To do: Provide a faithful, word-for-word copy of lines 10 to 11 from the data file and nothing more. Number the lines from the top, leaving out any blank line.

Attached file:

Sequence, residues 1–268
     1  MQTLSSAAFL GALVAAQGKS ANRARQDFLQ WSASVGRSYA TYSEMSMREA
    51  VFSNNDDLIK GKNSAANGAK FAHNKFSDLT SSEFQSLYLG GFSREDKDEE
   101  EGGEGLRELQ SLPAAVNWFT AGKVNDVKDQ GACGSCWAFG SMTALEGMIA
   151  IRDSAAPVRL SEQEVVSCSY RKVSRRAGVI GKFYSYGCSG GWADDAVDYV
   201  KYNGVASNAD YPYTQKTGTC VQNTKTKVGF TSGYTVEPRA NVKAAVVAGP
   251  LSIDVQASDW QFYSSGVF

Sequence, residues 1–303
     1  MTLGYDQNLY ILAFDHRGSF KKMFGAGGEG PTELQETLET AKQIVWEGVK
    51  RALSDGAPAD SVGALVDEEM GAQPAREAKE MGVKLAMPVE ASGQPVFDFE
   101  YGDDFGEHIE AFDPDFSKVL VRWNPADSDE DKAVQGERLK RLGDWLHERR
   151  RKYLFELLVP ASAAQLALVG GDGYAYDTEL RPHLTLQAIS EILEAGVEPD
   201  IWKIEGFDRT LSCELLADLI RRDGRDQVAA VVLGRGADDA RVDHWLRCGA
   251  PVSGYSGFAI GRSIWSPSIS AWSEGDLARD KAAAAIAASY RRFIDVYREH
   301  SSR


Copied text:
    51  RALSDGAPAD SVGALVDEEM GAQPAREAKE MGVKLAMPVE ASGQPVFDFE
   101  YGDDFGEHIE AFDPDFSKVL VRWNPADSDE DKAVQGERLK RLGDWLHERR